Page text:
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Products > Senecio galpinii
Senecio galpinii
Working on getting this plant out in the field but it is not yet available listing for information only! 

Habit and Cultural Information
Category: Succulent
Family: Asteraceae (Sunflowers)
Origin: South Africa (Africa)
Evergreen: Yes
Flower Color: Orange
Bloomtime: Spring/Summer
Fragrant Flowers: Yes
Synonyms: [Kleinia galpinii, S. cephalophorus, Hort.]
Height: 1-2 feet
Width: 1-2 feet
Exposure: Sun or Shade
Summer Dry: Yes
Irrigation (H2O Info): Low Water Needs
Winter Hardiness: 25-30 F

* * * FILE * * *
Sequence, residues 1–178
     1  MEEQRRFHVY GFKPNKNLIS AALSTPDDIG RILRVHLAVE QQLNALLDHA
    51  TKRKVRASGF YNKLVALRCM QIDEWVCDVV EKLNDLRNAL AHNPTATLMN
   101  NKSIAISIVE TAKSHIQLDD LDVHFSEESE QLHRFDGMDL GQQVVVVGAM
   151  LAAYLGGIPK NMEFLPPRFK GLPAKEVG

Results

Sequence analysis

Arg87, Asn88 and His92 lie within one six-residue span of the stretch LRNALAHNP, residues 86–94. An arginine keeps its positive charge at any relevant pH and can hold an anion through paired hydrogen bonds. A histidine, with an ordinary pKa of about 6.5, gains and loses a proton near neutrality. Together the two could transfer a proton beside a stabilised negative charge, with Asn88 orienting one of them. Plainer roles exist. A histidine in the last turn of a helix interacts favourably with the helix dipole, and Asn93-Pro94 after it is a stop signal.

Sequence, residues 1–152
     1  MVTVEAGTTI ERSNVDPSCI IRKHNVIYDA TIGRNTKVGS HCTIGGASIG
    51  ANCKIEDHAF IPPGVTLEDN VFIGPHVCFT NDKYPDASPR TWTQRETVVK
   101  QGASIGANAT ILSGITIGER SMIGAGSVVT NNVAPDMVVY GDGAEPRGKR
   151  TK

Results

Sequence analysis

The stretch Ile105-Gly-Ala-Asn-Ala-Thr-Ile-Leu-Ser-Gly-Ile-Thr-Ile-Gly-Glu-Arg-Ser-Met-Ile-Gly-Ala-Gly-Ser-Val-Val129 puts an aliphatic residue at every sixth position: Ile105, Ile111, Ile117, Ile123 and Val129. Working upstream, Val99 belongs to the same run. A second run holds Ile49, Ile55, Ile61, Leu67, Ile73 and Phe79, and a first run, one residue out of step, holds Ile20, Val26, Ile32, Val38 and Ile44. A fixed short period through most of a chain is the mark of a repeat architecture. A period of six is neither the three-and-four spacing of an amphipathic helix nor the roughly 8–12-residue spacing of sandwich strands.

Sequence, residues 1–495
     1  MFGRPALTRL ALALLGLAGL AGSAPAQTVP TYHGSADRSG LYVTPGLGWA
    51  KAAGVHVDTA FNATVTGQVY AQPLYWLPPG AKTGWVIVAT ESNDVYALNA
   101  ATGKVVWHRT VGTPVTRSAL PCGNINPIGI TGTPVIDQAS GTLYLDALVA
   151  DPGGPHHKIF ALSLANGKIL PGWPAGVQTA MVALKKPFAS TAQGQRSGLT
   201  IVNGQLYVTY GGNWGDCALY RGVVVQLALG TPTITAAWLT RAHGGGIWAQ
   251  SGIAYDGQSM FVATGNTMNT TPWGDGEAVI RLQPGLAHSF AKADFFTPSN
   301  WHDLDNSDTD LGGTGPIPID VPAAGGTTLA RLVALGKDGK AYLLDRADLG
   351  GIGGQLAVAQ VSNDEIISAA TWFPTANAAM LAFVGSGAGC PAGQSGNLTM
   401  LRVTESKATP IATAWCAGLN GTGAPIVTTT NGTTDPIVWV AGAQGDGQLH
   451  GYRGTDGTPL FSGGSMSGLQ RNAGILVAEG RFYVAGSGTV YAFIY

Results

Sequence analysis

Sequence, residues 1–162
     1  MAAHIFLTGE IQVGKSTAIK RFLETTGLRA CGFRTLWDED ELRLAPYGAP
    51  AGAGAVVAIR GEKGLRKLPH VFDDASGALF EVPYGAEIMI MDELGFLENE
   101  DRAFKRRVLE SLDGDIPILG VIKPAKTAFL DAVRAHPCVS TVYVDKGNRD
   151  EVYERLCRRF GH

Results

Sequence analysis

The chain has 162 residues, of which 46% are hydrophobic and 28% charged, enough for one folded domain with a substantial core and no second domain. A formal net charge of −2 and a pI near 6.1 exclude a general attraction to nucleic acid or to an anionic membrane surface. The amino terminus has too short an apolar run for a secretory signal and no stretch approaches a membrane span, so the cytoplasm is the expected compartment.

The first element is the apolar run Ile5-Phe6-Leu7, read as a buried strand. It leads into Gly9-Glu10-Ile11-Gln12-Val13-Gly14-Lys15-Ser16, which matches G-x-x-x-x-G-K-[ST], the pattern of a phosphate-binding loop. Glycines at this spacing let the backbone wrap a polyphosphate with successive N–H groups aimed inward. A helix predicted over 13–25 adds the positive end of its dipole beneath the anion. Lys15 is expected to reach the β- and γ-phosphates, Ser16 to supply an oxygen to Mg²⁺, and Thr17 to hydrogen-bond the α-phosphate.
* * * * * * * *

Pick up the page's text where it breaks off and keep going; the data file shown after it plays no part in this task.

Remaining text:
Senecio galpinii An erect evergreen perennial or subshrub growing to 16 inches tall with slightly flattened stems holding succulent chalky blue narrowly elliptical leaves that have a slight unpleasant aroma when bruised and a branched stem of lightly fragrant bright orange flowers. Plant in full sun to part shade in a well-drained soil or as a potted plant. Water occasionally to very little. Has proven hardy to the mid 20s and quite possibly should go lower given that it is native to the dry mountainous winter rainfall Richtersveld region of northwestern South Africa. Some consider this (and many other Senecio) to fit better in the genus Kleinia, a name used previously for many of the succulent Senecio but there is some disagreement in this treatment and so we continue to use the name Senecio until such time as this gets decided and becomes better recognized. The name for the genus Senecio comes from the Latin word 'senex' meaning "old" or "old man" in reference to its downy head of seeds and the specific epithet honors the South African botanist and explorer Ernest Edward Galpin (1858-1941) who with his naturalist and botanical artist wife, Maria Elizabeth Galpin, botanized much of South Africa. This plant is similar to the redder flowering Senecio fulgens but lacks the swollen stem base. This plant is also sometimes erroneously sold as Senecio cephalophorus, which is a rare and more difficult plant to cultivate that has yellow flowers.  The information that is presented on this page is based on research we have conducted about this plant in our library and from reliable online sources. We also consider observations we have made of it in the nursery's garden and in other gardens we have visited, as well how it performs in our nursery crops out in the field. We incorporate comments that we receive from others as well and welcome getting feedback from anyone who may have additional information, particularly if they know of cultural information that would aid others in growing  Senecio galpinii.